Initially, the Egyptian security authori- ties assumed the Taba-Nuweyba attack was isolated and that its perpetrators were not part of a larger organization. However, fol- lowing the Sharm al-Shaykh attack, as well as a failed attack on a Sinai Multinational Forces bus near al-Arish in August 2005, they picked up the trail of the organization and launched a hot pursuit of its mem- bers all over Sinai, killing Khalid Musa’id and capturing several others. Yet the com- partmentalization allowed the new leader, Nasr Khamis al-Malahi, Musa’id’s former right hand, to prepare and carry out the Dahab attack. However, Malahi died in another failed suicide attack on the Sinai Multinational Forces near al-Arish on April 27, 2006, right after the Dahab attack. Several members were still on the run.
Al-Tawhid wal-Jihad differs fundamental- ly from al-Jama’a al-Islamiyya and Jama’at
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al-Jihad. First, as explained in an al-Ahram article, it did not develop an intellectual or doctrinal framework explaining its goals, nor did it create a structured organizational hierarchy. Second, for al-Tawhid wal-Jihad, jihad was not seen as the means to reach power and set up an Islamic state. Rather, conducting jihad against the infidels and apostates was the goal of the organization. In this sense, it resembled the attack by a lone assailant on foreign tourists near al- Azhar in Cairo in April 2005. It was later discovered that the attacker was not con- nected to any terrorist group; he had simply felt compelled to act by Islamist literature he found on Internet. Both Jama’at al-Jihad and al-Jama’a al-Islamiyya denounced the Dahab attack, the former calling it un- Islamic and lacking any Shari’a basis, and the latter focusing on the inadmissibility of attacking tourists who, according to Islamic law, are immune and must be protected.
It has been argued that the organization’s antistate activities were a reaction to the heavy-handedness of the Egyptian security forces toward Sinai’s Bedouins, an impov- erished and neglected sector of Egypt’s population. It appears that large-scale and perhaps brutal arrests and investigations of Sinai Bedouins after the Taba-Nuweyba attack, in search of the perpetrators, did antagonize that population, but al-Tawhid wal-Jihad had been founded, and its objec- tives decided, well before that attack took place, as reported by al-Hayat.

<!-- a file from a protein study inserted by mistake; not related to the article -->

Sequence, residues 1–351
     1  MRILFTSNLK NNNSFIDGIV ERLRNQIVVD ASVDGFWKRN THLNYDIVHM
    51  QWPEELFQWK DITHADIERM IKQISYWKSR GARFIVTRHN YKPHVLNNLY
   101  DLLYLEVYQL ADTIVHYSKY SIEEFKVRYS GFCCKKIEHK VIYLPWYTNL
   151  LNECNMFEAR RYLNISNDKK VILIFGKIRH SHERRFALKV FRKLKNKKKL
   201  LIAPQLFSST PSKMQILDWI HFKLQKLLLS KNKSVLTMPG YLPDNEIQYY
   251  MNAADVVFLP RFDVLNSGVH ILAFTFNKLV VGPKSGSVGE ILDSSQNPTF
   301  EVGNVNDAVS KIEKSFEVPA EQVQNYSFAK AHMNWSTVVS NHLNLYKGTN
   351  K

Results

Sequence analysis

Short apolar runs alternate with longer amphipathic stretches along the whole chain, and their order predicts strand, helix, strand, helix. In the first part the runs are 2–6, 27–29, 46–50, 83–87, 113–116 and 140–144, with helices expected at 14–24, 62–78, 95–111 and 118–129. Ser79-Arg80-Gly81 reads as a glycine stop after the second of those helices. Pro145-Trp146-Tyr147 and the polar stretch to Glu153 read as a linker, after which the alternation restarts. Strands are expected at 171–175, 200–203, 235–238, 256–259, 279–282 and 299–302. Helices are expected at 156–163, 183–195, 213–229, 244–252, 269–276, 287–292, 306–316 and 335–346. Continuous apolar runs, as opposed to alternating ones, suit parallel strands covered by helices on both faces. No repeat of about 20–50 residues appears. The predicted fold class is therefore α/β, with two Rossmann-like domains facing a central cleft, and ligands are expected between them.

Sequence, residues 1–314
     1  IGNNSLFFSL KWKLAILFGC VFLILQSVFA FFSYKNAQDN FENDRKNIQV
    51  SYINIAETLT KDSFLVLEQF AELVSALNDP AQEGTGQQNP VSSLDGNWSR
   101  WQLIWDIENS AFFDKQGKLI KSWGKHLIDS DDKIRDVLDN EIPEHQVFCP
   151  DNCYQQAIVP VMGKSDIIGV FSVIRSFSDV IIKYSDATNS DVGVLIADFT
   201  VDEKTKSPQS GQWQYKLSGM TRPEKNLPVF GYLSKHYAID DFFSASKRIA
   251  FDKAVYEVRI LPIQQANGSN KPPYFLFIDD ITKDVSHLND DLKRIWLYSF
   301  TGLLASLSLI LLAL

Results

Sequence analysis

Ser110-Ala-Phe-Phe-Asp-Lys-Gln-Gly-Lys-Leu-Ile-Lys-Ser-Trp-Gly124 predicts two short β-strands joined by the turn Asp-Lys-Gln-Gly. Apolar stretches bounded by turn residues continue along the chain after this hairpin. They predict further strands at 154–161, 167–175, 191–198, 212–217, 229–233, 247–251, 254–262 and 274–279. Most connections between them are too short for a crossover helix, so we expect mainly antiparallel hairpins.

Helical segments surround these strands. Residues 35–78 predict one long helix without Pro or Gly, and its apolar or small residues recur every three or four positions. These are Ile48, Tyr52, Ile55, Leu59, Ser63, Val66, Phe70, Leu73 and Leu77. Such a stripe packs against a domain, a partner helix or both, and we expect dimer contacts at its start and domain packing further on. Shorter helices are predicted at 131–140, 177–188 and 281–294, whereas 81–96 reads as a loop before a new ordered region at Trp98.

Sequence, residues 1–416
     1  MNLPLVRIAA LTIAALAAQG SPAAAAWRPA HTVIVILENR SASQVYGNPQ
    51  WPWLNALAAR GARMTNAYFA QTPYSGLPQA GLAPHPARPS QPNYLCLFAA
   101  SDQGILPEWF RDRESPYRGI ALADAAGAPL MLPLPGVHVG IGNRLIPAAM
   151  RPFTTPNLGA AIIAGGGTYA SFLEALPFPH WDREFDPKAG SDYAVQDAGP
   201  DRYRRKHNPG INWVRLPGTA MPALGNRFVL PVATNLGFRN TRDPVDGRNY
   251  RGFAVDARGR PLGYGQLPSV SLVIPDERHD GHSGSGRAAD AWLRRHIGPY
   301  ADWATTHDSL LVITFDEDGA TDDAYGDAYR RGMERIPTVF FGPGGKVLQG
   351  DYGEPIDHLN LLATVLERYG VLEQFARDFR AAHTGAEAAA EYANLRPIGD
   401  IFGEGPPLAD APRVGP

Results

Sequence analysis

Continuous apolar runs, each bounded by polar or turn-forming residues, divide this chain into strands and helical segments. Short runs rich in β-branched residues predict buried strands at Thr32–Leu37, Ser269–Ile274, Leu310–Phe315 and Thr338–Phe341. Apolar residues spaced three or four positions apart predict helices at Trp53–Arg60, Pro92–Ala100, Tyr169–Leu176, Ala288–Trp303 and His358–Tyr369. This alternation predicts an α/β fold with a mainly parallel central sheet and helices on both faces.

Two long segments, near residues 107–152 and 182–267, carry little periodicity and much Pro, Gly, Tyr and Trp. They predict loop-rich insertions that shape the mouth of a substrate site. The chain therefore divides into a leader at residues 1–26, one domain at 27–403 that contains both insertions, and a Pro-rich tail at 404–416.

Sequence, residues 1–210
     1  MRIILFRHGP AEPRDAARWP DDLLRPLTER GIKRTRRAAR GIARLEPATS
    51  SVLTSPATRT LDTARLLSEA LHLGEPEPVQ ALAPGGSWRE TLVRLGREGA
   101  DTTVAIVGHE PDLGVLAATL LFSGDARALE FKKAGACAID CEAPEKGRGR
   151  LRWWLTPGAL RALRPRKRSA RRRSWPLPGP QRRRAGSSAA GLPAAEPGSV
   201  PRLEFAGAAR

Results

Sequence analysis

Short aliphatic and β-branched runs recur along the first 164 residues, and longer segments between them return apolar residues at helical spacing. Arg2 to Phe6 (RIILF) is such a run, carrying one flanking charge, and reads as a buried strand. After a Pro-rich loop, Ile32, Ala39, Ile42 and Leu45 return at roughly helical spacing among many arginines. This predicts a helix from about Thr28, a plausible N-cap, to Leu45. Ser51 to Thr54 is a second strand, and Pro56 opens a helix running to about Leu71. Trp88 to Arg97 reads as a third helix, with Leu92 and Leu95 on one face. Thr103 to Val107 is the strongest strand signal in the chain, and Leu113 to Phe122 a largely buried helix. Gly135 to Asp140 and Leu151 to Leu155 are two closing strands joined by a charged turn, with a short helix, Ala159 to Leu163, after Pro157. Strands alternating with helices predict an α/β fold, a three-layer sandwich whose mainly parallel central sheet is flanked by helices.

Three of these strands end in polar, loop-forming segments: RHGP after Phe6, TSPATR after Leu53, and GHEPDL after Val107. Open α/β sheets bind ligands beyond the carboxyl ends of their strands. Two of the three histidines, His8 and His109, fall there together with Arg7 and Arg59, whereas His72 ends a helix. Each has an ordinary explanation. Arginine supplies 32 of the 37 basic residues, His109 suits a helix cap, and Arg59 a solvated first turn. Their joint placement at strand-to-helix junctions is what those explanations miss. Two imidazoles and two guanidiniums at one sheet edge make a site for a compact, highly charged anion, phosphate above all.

In April 2006, the Egyptian authorities announced that they uncovered a new tak- firi group, al-Ta’ifa al-Mansura. The group was allegedly planning to carry out terror- ist attacks against tourist targets, to blow up a major gas pipeline in Cairo, and to assassinate Muslim and Christian religious leaders; 22 members were in fact arrested. Critics of the government, including Isam
al-Aryan, a leading spokesman of the MB, implied that the story was fabricated in order to justify the extension of the emer- gency laws, which were then being debated in Parliament, by pointing to alleged ter- rorist threats in Egypt. No trial was ever held, and by September 13, 2006, all of the suspects, including the alleged leader of the group, were released.
Al-Jama’a al-Islamiyya and Jama’at al-Jihad
Al-Jama’a al-Islamiyya today is a da’wa group that emphasizes the fight against the takfiri ideologies through Shari’a and ideological tools. On its Web site, www., inaugurated in June 2006, it describes itself as a group of Muslims whose task is not to push people away from Islam by accusing them of apostasy but rather to bring people into Islam and guide them to Allah’s way. “We are people of da’wa, not judges [du’at, la qudhat],” it says—in reference to the well- known book by that title written by Hasan al-Hudaibi (the second general guide of the Muslim Brotherhood, 1951–1973), which argues against the takfiri doctrine of Sayyid Qutb. “Our task is to guide people to serve God, not to rule or judge them,” says the group’s mission statement.